Immortality and the Law


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The Rising Power of the American Dead

Ray D. Madoff

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This book takes a riveting look at how the law responds to that distinctly American dream of immortality. While American law provides virtually no protections for the interests we hold most dear—our bodies and our reputations—when it comes to property interests, the American dead have greater control than anywhere else in the world. Moreover, these rights are growing daily. From grave robbery to Elvis impersonators, Madoff shows how the law of the dead has a direct impact on how we live. Madoff examines how the rising power of the American dead enables the deceased to exert control over their wealth forever through grandiose schemes like "dynasty trusts" and perpetual private charitable foundations and to control their creative works and identities well into the unforeseeable future. Madoff explores how the law of the dead can, in essence, extend the reach of life by granting virtual immortality to individuals. All of this comes, Madoff contends, at real costs imposed on the living.

Ray D. Madoff is a professor at Boston College Law School. She is the lead author of Practical Guide to Estate Planning and has written in a wide variety of areas involving property and death.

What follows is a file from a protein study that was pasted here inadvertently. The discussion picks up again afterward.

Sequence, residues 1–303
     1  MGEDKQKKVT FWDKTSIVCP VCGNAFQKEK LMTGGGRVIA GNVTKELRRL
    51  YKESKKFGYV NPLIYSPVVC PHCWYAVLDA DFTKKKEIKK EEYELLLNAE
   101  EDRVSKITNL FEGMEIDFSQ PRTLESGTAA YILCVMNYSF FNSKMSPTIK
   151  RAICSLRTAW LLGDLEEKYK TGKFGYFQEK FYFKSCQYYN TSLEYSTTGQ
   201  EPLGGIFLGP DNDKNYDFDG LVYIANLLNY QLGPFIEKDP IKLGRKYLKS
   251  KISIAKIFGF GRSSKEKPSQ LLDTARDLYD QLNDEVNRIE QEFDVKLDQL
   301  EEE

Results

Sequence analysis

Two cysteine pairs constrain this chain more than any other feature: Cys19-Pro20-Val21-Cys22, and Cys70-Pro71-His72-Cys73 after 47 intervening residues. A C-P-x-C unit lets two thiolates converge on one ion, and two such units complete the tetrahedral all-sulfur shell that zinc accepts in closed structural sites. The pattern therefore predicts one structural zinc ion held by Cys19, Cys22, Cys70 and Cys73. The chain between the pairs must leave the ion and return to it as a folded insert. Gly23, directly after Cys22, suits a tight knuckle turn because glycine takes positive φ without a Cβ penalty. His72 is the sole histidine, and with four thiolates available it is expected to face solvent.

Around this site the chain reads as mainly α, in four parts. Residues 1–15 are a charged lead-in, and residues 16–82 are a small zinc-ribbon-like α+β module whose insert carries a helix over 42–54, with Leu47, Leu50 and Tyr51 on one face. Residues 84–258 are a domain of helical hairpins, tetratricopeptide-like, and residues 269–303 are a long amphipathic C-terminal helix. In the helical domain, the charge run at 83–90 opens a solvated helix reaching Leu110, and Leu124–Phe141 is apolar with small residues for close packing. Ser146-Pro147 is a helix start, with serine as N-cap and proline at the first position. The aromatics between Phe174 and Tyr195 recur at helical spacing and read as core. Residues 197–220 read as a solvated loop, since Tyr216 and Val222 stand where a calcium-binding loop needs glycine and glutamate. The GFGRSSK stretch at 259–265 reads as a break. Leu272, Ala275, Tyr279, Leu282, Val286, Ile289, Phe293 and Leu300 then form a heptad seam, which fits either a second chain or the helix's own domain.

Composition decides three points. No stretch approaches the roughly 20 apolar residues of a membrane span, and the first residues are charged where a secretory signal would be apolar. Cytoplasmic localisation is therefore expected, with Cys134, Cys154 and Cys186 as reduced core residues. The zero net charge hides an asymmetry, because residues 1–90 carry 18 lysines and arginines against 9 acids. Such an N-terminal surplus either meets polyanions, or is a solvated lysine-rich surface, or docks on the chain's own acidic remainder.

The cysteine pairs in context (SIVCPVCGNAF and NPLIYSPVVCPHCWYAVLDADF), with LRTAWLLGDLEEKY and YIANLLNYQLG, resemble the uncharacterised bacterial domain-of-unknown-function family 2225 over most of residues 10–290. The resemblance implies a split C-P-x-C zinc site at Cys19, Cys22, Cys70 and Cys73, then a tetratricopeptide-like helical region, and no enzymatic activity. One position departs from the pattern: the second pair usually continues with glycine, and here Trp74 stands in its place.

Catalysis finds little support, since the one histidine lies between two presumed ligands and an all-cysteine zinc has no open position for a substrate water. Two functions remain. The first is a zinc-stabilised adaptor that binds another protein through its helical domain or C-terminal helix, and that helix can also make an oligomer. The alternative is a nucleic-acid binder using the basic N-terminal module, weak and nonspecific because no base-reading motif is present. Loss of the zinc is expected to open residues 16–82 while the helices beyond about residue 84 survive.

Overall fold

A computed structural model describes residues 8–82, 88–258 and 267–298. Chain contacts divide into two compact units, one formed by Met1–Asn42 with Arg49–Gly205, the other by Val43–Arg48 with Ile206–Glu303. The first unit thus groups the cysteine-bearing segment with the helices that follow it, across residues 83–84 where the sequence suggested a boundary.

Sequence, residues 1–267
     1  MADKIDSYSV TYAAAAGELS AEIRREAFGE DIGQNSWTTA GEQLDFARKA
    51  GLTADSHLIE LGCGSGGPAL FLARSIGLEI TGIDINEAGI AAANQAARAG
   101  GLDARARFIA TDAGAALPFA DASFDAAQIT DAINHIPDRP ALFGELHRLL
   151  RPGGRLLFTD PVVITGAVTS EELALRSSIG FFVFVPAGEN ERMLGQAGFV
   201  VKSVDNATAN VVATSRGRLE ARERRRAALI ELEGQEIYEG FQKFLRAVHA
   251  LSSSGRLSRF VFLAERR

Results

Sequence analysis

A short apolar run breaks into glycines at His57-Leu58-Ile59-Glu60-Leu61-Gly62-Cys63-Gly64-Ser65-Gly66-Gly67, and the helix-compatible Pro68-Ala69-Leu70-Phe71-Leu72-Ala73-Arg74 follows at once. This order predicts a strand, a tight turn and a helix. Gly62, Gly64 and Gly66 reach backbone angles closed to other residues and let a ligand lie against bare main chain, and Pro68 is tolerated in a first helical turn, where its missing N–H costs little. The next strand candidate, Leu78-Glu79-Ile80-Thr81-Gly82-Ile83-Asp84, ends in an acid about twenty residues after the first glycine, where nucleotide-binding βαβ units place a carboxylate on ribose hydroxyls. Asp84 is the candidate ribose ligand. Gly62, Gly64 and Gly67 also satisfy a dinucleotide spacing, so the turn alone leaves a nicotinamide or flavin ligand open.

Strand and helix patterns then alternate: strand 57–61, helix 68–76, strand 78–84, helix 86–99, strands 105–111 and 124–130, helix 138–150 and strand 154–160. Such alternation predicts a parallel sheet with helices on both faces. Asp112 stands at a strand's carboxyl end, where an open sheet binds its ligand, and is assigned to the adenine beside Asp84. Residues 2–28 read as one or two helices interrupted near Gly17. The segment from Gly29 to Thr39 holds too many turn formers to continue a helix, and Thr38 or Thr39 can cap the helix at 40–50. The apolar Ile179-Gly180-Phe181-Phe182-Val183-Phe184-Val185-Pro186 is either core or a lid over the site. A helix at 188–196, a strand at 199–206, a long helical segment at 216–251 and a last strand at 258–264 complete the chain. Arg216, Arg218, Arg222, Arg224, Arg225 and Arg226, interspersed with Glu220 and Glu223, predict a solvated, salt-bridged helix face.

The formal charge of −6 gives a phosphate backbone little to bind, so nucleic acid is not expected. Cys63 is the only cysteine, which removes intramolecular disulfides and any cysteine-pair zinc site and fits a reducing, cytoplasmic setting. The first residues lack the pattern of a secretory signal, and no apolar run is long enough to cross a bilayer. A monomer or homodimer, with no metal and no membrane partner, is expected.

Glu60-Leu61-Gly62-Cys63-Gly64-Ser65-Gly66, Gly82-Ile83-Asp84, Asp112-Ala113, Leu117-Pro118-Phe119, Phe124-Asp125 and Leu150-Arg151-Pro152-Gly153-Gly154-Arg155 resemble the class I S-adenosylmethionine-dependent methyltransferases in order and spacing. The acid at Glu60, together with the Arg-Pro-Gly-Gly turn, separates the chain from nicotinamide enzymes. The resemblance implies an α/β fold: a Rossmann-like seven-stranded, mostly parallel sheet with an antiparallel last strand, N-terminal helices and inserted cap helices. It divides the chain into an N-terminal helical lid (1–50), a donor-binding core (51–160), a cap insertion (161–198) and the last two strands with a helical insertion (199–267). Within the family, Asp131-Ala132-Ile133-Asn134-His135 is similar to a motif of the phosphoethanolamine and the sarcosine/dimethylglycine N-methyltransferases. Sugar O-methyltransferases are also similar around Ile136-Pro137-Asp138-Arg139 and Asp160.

"A sparkling polemic...Madoff convincingly argues [that] we are granting the dead ever more elaborate property rights, which are crowding out the rights of the living."—Christopher Caldwell, the Financial Times

"You don't have to be an attorney or a dead person to love this book. Along with clear, scrupulously researched coverage of perennial topics like trusts and disinheritance, Madoff covers death's terra incognita: posthumous conception, organ donation by executed convicts, the ever-shifting death criteria debate. Even cryonics gets its due. (Can the wife of a frozen 'not really dead' person remarry?  Who has to pay his bills when he reanimates?) For every topic, Madoff digs up diverting examples. What other law book includes the tale of the socialite who asked to be buried in her baby blue Ferrari 'with the seat slanted comfortably'?"—Mary Roach, author of Stiff and Bonk

"Ray Madoff has pulled off an extraordinary feat. Immortality and the Law is a compelling read about a fascinating topic; a survey of death, laws, and taxes that somehow manages to be neither dreary nor gruesome. Deftly mixing historical anecdote, legal analysis, and a fine sense of humor, the author relates how Americans have historically treated the dead, and how our laws are subtly but powerfully changing to give those no longer among us an increasing range of powers. Read this book before you die!"—Debora L. Spar, President, Barnard College

"This is a well-written and well-crafted book on a neglected subject—how we treat the wishes of the dead, and how the wishes of the dead impact our law and our society. In this succinct but careful treatment of the subject, Madoff describes how we can and cannot control what happens to our bodies, what happens to our property, and what happens to our reputations, when we are no longer here to make decisions and defend ourselves. It is a book full of insights and surprises, and a constant delight to read. It deserves a wide audience."—Lawrence Friedman, Marion Rice Kirkwood Professor of Law, Stanford Law School